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Epstein-Barr virus may cause multiple sclerosis

Epstein-Barr virus may cause multiple sclerosis

Infection with Epstein-Barr virus (EBV) is a prerequisite for the development of multiple sclerosis (MS). The close association between EBV and MS has long been known. However, American scientists at Harvard Chan School were able to prove this again very clearly in a study with a very large number of participants.

Multiple sclerosis: a disease of the central nervous system

“The hypothesis that EPV causes MS has been explored by our team and others for many years, but this is the first study to provide conclusive evidence for a causal link,” said Alberto Azzero, professor of epidemiology and seniority at the Harvard Chan School. Author Research published in the journal Science.

Multiple sclerosis is a chronic inflammatory disease of the central nervous system. It attacks the myelin sheaths that line the nerve cells in the brain and spinal cord. The cause of the disease is not yet known, but Epstein-Barr virus (EBV), one of the herpes viruses, has long been one of the main suspects. It causes an infectious mononucleosis, also known as mononucleosis. More than 90 percent of all people become infected with EBV at some point and then keep it in their body for the rest of their lives. But only a few of the victims later developed MS.

With so many people infected with EPV, it is difficult to prove whether the virus is actually the cause of the disease. MS is also a relatively rare disease and the first symptoms do not appear until about ten years after EBV infection. Other factors play a role in the development of MS. Some of these include genes – but smoking, low vitamin D levels and obesity or day-night rhythm disturbed at a young age.

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Study of ten million American soldiers

For their research, U.S. scientists examined the blood samples of tens of millions of American soldiers who are tested for HIV every two years. They diagnosed 801 people with multiple sclerosis and tested their blood samples for antibodies against EBV. In 35 of them, no antibodies against EBV were detected in the first blood samples at the start of service. However, 34 out of 35 people later became infected with EBV and developed antibodies before they developed MS. In a total of 801 MS cases, only one person had no EBV antibodies in their blood at the time of the outbreak.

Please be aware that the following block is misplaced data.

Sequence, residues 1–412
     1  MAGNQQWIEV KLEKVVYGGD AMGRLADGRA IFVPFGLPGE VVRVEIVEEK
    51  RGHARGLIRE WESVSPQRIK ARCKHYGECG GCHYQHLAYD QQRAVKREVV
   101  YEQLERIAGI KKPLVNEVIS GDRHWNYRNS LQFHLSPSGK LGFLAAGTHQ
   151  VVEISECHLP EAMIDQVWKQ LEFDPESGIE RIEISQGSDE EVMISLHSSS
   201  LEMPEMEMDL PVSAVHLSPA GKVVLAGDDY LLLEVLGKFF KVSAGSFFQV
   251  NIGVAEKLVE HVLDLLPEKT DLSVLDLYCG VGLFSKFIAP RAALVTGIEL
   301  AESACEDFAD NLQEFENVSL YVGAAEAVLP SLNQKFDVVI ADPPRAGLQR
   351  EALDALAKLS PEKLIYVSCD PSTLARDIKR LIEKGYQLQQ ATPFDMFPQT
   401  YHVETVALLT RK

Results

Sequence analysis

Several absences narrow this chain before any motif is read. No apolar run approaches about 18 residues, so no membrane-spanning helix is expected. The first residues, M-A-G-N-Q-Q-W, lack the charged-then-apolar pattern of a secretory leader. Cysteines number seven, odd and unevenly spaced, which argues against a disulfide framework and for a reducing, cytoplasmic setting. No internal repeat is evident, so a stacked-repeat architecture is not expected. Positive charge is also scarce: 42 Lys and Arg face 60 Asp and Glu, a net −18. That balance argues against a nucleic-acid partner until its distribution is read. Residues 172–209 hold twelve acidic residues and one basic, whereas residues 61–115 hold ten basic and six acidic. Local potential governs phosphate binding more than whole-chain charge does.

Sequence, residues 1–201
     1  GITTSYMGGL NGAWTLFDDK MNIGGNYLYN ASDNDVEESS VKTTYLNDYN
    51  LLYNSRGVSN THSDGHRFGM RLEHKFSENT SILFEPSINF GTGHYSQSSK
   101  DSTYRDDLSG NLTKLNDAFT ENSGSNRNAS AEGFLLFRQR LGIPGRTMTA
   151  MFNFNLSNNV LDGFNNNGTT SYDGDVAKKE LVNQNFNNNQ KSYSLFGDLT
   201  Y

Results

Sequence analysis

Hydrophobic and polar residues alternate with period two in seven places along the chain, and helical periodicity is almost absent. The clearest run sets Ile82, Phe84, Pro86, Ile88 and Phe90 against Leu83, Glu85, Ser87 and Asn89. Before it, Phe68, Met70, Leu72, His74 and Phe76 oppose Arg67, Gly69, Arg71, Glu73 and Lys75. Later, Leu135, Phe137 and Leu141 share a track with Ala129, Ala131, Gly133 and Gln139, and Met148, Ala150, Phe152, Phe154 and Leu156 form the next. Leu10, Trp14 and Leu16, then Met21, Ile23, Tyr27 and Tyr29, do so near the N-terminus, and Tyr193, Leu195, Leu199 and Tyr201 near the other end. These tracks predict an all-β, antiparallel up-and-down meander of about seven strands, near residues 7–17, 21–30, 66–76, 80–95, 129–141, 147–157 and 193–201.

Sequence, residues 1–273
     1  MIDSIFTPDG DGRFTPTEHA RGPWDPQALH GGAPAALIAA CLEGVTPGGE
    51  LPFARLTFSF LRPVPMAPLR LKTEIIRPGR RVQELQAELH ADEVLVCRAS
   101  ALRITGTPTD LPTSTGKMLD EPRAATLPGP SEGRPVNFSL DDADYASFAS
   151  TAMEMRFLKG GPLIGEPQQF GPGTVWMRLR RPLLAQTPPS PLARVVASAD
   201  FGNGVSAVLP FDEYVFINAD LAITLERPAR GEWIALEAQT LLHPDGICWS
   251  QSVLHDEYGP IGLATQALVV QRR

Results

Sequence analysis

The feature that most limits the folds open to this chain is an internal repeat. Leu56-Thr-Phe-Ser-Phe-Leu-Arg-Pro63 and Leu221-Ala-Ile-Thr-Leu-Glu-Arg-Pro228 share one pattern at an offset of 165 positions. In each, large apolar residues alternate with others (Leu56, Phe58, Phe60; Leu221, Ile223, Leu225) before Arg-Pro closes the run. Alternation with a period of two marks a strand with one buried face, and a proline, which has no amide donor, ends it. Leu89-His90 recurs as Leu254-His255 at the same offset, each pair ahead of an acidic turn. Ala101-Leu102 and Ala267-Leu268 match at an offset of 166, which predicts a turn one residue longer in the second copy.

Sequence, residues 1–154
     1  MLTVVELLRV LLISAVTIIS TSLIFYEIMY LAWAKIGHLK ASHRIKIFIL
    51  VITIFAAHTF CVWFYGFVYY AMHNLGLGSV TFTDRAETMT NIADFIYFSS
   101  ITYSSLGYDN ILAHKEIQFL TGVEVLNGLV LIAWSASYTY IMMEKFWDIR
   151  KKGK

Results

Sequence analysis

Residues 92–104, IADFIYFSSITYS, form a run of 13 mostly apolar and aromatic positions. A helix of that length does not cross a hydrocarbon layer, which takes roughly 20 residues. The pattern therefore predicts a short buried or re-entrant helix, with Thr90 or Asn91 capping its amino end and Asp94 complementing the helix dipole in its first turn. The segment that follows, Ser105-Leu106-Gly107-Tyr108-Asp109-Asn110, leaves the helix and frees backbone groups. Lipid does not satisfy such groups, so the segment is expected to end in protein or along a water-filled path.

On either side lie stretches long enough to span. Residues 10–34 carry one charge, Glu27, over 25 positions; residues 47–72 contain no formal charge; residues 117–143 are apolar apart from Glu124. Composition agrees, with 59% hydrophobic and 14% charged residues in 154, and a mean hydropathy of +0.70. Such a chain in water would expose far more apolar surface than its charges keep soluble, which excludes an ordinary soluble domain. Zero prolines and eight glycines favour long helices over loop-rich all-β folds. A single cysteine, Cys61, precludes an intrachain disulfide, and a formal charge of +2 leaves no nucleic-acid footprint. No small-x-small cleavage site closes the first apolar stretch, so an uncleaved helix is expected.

The authors of the study were able to use blood samples to show that no biomarks for MS were initially detected in those who did not have EPV antibodies. However, after EBV infection, these can be detected in blood samples before MS symptoms appear.

EBV is a prerequisite but not necessarily the main cause of MS

The authors of the study concluded their research: “The lowest risk of MS in EBV-negative populations suggests that most of the MS cases are caused by EBV.” Wolfgang Hammersmith, chairman of the Genetic Vectors team at the Helmholtz Center in Munich, argues: “This study suggests that EBV infection may be a prerequisite for MS, but that EBV or EBV antigens are the driver for MS, respectively?”

Klemens Ruprecht, head of the Multiple Sclerosis Outpatient Clinic in Universitätsmedizin Berlin, Charité, has a similar view: “The mechanisms by which EBV contributes to the development of MS are currently unknown. Is involved. “

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Vaccines and drugs are still a long way off

“Currently there is no way to effectively prevent or treat EBV infection, but fighting the virus with the EBV vaccine or EBV-specific antiviral drugs may eventually prevent or cure MS,” Ascherio summarizes the treatment possibilities of the study results.

Klemens Ruprecht shares this rating. However, he hopes the EBV vaccine will soon protect against MS. Although it’s possible to develop an effective vaccine against EBV, it will take decades to determine for sure if such a vaccine will actually protect against MS. ”

An EBV vaccine that can prevent MS must induce sterile immunity, i.e. completely prevent infection. However, according to Wolfgang Hammerschmidt, the development of such an EBV vaccine is currently not possible for a variety of reasons. On the other hand, not every infection with EBV needs to be prevented, but at least a vaccine that prevents gonorrhea outbreaks is realistic. This eliminates the additional risk in the development of existing MS.

MS treatment with drugs that work against EBV is not yet up to date. There are attempts to destroy EPV-infected cells with specialized antibodies and T-cells. However, some of these may not actually apply to living people. In addition, it is doubtful whether such treatment can actually reach all affected body cells and completely extinguish EBV.